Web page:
Innovations in Education and the Role of AI

Smartphones. Smart homes. Smart education.

These days, it’s nearly impossible to get away from all the incredible ways technology is advancing. As a way to keep up with the progressive world, higher educational institutions are embracing the use of tech like artificial intelligence, also simply known as AI.

“My opinion is that AI can be of great benefit to furthering our academic endeavors when used ethically, but we still have a way to go in determining what that looks like,” said Dr. Michella Basas, associate professor at Flagler College. Due to AI’s rapid use, Dr. Basas created a course for faculty to learn how other institutions use ChatGPT as an instructional tool and share Flagler’s AI use policies.

Ultimately, AI usage is a way for educators and students to work smarter, not harder.

Dr. Michella Basas

What many people don’t realize is that AI extends well beyond the popular ChatGPT. Computer programs like Word, Excel and Grammarly are all AI tools that have been used for years in the education world.

In the classroom, AI is being used by staff and students in a variety of ways — from automated grading, predictive analysis and even content recommendations, says Dr. Daniel K. Ray, St. Johns River State College director of community and corporate education and professor of business and information technology.

The use of AI in classrooms is a way to prepare students to use tools their future employers will have. There’s no doubt that it’s necessary: Recently, 42% of companies reported AI exploration within their companies, according to Exploding Topics, a trend-spotting algorithm site.

Educational institutions like the University of Florida also have developed entire courses dedicated to AI certification and development. While the increased use of AI is leading to easier course development and faster writing outlines for students, not everyone loves it.

Dr. Daniel K. Ray

“There are definitely mixed emotions regarding AI in the classroom,” says Dr. Basas. “It is my impression that students see AI as a tool to help them with their writing, with a small percentage seeing AI as an opportunity to generate papers to submit for their courses.”

As for educators, many are learning right alongside students as to the capabilities of AI in the classroom.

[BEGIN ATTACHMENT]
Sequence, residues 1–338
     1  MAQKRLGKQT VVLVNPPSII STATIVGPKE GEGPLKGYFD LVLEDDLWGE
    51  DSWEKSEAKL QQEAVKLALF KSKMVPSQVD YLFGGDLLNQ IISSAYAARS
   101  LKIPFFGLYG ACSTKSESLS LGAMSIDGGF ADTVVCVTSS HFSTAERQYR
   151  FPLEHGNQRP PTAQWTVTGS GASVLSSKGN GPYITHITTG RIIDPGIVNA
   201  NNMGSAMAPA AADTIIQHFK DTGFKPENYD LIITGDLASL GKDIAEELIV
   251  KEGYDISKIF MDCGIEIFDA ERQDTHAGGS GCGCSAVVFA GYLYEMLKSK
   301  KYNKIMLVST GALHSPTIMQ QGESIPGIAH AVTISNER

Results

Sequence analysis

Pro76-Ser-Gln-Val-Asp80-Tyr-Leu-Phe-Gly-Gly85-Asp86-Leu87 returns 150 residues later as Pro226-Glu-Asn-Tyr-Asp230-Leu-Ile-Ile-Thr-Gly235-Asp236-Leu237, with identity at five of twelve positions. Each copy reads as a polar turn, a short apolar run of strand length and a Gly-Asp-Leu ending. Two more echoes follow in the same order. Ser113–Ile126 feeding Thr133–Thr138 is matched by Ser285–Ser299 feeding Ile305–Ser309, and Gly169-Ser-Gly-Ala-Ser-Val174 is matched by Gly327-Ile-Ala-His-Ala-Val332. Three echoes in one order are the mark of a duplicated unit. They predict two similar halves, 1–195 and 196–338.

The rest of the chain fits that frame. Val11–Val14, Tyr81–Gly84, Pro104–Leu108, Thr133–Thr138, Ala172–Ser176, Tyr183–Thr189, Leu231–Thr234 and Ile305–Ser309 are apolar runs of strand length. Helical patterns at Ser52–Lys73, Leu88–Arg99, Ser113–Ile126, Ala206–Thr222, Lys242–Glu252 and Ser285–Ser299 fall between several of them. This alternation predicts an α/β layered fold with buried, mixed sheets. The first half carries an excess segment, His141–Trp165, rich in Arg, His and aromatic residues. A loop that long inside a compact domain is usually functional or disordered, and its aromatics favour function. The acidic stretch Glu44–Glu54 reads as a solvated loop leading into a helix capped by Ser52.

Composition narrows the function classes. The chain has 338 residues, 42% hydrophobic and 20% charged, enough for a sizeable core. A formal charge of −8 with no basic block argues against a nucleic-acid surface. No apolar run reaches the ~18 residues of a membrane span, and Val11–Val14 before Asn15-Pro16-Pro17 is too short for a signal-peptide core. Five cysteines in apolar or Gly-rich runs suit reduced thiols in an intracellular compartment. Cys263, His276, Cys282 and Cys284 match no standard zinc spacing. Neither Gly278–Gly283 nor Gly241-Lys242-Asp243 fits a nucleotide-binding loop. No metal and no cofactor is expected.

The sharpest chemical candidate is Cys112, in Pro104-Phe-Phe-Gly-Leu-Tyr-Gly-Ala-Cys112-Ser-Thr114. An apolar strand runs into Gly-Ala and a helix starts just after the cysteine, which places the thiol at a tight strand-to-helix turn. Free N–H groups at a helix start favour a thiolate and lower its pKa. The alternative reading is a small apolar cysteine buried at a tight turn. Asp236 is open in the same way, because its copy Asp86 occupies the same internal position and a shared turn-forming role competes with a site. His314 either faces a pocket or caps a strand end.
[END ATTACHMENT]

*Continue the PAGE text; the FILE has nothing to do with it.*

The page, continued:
“Most of the staff I speak with love ChatGPT and use it; others are opposed and see it as a threat to education,” says Dr. Ray. “The message given by leadership is that we should embrace AI and use it as a tool to augment, supplement and enhance our ability to promote learning in our students.”

This semester, Dr. Ray is ending three of his courses with the ethical and moral uses of ChatGPT for learning.

While there’s much talk about opposing views, Dr. Basas says AI isn’t a tool to fear. In fact, for years, AI has been used in classrooms — just consider spell check.

“We have to shift our perspective in how we view AI,” says Dr. Basas. “It is here to stay, and while there will be some growing pains, I believe if we take a positive approach to AI and do so in ethical ways, we will find it to be of great benefit. In the best-case scenario, human thought and AI-generated information will take our research and work to the next level. Embracing AI and reinforcing ethical use will be essential in how it will impact our world.”

Dr. Ray points to large companies using it for efficiency and safety purposes:

“AI in learning is much greater than in higher education,” he explains. “Volvo Trucks, Cummins, and other manufacturers use guided diagnostic tools that leverage AI to help technicians learn and work on their engines and other systems. This removes the tacit knowledge barrier that many past technicians were apt to guard…higher education must adapt along with industry to develop AI-aware workers who can use it morally, ethically and with confidence and competence.”